Had she never begun bartending, her alcoholism would not have come to its magnificent peak. She remembered the first day at Burns’, when she was shown the liquor room. Were the bar low on spirits, someone would come down, grab a bottle and its particular neck-seal — black for well spirits like vodka, rum, gin; burgundy for premium labels like Jameson, Morgan’s, tequila; gold for the likes of Johnnie Walker Black and Hennessey — perforate their centres, slot them over the bottles, blast them with a heat gun. At two in the afternoon, smooth-skinned Kevin filled her in on this part of the job and, with a blank face, proceeded to take three large gulps of peach Ciroc. She was surprised, if a little frightened. Kevin looked no older than twenty, and yet the ease with which he consumed the vodka suggested he was twice that. Nina declined a drink that day but soon was following suit. What else, she’d later reason, could get you through this line of work?

At the corner of Lincoln Lane she made a left for Bow Street.

Fitzgerald & Company Solicitors.

Jim Eustace & Company Solicitors.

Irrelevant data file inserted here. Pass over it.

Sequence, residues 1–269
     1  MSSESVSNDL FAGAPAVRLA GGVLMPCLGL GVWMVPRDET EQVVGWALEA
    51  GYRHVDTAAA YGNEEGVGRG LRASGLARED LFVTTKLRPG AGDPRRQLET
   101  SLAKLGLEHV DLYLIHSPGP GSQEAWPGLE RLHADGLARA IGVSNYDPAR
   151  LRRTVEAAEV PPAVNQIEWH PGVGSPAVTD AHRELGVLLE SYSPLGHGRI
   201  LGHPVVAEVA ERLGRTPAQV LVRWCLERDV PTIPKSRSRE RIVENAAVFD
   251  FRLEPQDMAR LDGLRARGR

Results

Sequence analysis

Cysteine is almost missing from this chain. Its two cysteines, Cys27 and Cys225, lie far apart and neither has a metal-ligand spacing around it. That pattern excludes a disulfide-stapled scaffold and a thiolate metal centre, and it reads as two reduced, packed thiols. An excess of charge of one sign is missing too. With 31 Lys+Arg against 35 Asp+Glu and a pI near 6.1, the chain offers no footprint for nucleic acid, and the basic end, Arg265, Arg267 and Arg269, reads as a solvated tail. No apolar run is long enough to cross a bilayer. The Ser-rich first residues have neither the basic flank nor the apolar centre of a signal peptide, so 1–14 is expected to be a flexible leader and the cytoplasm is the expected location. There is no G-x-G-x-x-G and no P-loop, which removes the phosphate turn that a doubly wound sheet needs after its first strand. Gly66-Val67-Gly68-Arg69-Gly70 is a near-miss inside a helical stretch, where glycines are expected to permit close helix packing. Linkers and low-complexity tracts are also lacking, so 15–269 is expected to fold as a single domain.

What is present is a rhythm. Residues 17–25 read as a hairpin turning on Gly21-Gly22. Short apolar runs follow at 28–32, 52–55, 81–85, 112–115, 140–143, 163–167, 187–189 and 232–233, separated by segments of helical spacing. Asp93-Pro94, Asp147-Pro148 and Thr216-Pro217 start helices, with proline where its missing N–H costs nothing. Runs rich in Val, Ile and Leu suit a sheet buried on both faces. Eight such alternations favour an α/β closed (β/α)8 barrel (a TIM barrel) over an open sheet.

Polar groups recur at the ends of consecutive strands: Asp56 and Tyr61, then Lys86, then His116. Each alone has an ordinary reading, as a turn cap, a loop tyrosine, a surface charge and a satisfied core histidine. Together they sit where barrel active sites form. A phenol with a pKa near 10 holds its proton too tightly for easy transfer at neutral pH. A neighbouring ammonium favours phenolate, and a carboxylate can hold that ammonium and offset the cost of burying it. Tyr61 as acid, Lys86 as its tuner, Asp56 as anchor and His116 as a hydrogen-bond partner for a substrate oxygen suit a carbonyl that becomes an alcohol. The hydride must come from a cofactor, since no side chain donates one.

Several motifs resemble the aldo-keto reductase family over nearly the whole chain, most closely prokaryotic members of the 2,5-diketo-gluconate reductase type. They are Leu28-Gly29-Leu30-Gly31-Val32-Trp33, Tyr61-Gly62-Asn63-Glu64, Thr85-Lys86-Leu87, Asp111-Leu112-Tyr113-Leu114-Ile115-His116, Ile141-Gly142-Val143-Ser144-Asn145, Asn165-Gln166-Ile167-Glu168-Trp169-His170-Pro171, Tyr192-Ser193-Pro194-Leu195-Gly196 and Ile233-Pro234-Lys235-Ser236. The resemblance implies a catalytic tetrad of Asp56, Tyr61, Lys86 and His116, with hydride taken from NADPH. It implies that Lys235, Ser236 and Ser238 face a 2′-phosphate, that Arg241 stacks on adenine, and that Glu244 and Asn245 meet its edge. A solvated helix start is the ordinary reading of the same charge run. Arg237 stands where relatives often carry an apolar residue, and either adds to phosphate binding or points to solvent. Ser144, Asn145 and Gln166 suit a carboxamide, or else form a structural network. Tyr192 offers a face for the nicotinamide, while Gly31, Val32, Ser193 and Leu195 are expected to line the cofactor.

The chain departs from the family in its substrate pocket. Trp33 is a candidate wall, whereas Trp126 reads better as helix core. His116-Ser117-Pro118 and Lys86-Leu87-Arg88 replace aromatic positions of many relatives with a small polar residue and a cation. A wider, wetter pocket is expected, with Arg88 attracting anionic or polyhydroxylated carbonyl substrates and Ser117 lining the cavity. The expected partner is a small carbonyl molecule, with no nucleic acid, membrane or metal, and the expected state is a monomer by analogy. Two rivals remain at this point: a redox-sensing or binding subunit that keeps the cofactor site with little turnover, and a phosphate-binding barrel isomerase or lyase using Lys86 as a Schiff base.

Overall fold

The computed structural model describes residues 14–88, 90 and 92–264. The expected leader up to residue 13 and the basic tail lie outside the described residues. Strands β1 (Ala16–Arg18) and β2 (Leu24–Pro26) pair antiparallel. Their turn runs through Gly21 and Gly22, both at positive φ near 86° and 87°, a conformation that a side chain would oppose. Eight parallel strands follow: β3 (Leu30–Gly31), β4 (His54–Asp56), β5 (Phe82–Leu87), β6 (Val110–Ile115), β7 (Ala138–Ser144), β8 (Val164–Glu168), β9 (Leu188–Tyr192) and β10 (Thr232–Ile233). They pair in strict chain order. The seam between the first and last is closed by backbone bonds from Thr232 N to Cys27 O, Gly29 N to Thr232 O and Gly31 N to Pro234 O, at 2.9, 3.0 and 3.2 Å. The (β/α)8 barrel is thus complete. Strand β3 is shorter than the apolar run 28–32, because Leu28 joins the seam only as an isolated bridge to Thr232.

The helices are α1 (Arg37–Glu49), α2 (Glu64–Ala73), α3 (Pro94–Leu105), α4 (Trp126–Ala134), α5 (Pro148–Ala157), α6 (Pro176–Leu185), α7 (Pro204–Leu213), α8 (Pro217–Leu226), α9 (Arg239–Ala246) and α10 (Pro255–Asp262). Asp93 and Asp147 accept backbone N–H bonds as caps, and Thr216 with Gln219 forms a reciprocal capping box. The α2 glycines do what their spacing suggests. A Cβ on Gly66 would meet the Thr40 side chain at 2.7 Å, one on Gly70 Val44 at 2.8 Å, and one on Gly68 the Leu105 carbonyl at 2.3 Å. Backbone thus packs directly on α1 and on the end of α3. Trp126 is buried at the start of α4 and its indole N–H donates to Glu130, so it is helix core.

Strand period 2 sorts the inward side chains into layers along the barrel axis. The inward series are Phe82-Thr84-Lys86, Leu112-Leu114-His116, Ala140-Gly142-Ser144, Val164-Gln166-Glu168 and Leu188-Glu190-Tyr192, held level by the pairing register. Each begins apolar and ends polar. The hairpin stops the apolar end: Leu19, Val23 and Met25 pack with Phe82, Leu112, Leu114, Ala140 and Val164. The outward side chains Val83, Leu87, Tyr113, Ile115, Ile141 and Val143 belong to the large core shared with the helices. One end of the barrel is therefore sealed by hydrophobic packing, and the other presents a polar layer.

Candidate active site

Michael J. Staines & Company Solicitors.

The Courts Service.

A doughnut stand.

The Jameson Distillery.

All of it a deathly glow of what she deemed wrong with the world. There was no microcosm of contemporary life that couldn’t be resolved by some scrote who’d passed the bar, some gimp singularly ambitioned to find a career in which a suit was part of the raison d’être of his coffee-clad and pastry-filled morning discussions. And meanwhile I, a single snot-trail away from poverty and degra-fucking-dation, can’t draw the dole for six weeks cause I’m unemployed only from to-fucking-day.

Nina almost stopped when she came to Friary Avenue. She’d been on auto-pilot since leaving Argyle and now wondered where exactly she was going. She wasn’t heading home; there was no coke there. It occurred to her that the one place where she could have been bolting was The Glabrous Fox, a quaint-yet-scaldy drinking dungeon on King Street North. In this cavern of bohemia it was not uncommon to find hipsters among real Dubs, junkies among hen groups, priests among businessmen. More to the point, it boasted one of Dublin 1’s cheapest bags of charlie, at sixty quid a gram. (Provided Conor was working.)

Nina opened her purse. She had enough. For a bag and a shoulder. Of Smirnoff, preferably, but definitely Huzzar. Tucking her hair behind her ear she resumed her march.

She looked around. Fellow nobodies, likeminded serfs, scuttling to and from their exchanges of time with various coin-providers and bank-account plumpers — caught between where they were and where they’d never arrive. In spite of her lifestyle, Nina found little comfort in being a zero. When her friends left her, she devised a new outlook: like everyone else she would strive — only she wouldn’t climb the social ladder, but maintain a position on one of its lowest rungs.